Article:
KILMOKEA, a parish, in the barony of SHELBURNE, county of WEXFORD, and province of LEINSTER, 6½ miles (S.) from New Ross, on the road to Fethard; containing 1225 inhabitants. It comprises 3361 statute acres, as applotted under the tithe act, and is chiefly under tillage. The soil is light but in some parts very good; the green slab on the banks of the Barrow, containing a testaceous sediment equal to the finest marl, is used for manure, and the state of agriculture has been much improved under the auspices of the South Wexford Agricultural Association. A part of the parish, called "the Island," has since the recession of the tide been embanked and reclaimed. The Barrow is navigable here for vessels of the largest class, and an inlet from it extending to the village of Campile is navigable for small craft. Kilmanock is the residence of G. Powell Haughton, Esq.; and Fruit Hill, of G. Glascott, Esq., in whose demesne, which is remarkable for its fine timber, is a clump of evergreen oaks, here considered a great curiosity. It is a rectory, in the diocese of Ferns, forming part of the union of Whitechurch and of the corps of the prebend of that name in the cathedral of Ferns: the tithes amount to £297. 4. 7¼. There is a handsome glebe-house, with a glebe of 12a. Or. 38p.
In the R. C. divisions it is the head of a union or district, called Sutton's parish, comprising the parishes of Whitechurch, Kilmokea, and Ballybrazill, and part of Old Ross and St. James's: there is a handsome chapel at Horewood, with a commodious house for the priest; the old chapel has been converted into a school, with apartments for the master and mistress. About 130 children are educated in the school, and there is a private school, in which 40 are taught. Here are the remains of Ballykearogue castle and of its chapel; they are stated to have been built by Roger de Sutton, who in 1170 accompanied Robert Fitzstephen and Hervey de Montemarisco into Ireland, and obtained from the latter large grants of land in the barony of Shelburne: this district is often called after him Sutton's parish.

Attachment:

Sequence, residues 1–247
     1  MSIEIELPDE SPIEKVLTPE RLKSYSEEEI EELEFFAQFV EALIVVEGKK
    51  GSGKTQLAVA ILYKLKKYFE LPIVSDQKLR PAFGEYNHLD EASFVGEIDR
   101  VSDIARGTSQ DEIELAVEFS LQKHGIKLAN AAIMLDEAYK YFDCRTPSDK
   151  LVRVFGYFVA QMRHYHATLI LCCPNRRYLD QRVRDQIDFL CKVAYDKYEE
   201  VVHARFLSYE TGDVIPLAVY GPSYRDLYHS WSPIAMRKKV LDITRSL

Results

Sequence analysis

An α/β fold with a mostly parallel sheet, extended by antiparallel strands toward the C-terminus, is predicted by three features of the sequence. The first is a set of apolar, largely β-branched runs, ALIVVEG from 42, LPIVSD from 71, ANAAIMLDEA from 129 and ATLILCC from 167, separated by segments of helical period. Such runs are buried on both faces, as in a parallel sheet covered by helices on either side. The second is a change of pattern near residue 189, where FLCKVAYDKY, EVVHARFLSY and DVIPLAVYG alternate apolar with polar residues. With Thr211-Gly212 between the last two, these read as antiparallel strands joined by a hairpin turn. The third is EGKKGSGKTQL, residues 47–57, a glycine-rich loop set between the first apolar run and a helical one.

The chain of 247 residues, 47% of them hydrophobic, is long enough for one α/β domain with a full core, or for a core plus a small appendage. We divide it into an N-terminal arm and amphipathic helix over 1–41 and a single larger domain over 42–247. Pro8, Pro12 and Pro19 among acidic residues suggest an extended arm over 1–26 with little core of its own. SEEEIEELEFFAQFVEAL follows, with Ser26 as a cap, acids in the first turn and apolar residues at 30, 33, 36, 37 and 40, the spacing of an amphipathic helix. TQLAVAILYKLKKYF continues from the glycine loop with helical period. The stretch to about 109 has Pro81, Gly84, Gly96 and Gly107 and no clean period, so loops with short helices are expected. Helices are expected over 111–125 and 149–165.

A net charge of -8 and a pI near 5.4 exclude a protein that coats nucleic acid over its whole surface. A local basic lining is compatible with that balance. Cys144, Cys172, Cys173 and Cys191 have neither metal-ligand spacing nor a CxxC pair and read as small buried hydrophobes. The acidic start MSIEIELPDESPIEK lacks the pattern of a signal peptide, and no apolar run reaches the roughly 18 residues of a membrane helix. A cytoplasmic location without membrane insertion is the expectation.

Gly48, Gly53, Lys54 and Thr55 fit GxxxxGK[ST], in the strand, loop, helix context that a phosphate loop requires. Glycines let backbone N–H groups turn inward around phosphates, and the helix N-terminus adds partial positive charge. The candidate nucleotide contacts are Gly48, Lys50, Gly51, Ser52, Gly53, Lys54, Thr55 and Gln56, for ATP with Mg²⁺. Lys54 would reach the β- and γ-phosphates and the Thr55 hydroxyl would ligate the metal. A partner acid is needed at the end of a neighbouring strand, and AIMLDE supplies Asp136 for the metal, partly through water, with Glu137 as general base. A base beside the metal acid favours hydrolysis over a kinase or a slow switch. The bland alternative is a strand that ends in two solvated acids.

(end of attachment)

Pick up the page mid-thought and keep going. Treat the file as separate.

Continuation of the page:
In "the Island" are vestiges of two intrenchments, by some supposed to have been thrown up by the Danes to defend the pass to Ballinlaw ferry.
from Lewis's Topographical Dictionary of Ireland, 1837.
The transcription of the section for this parish from the National Gazetteer (1868), provided by Colin Hinson.
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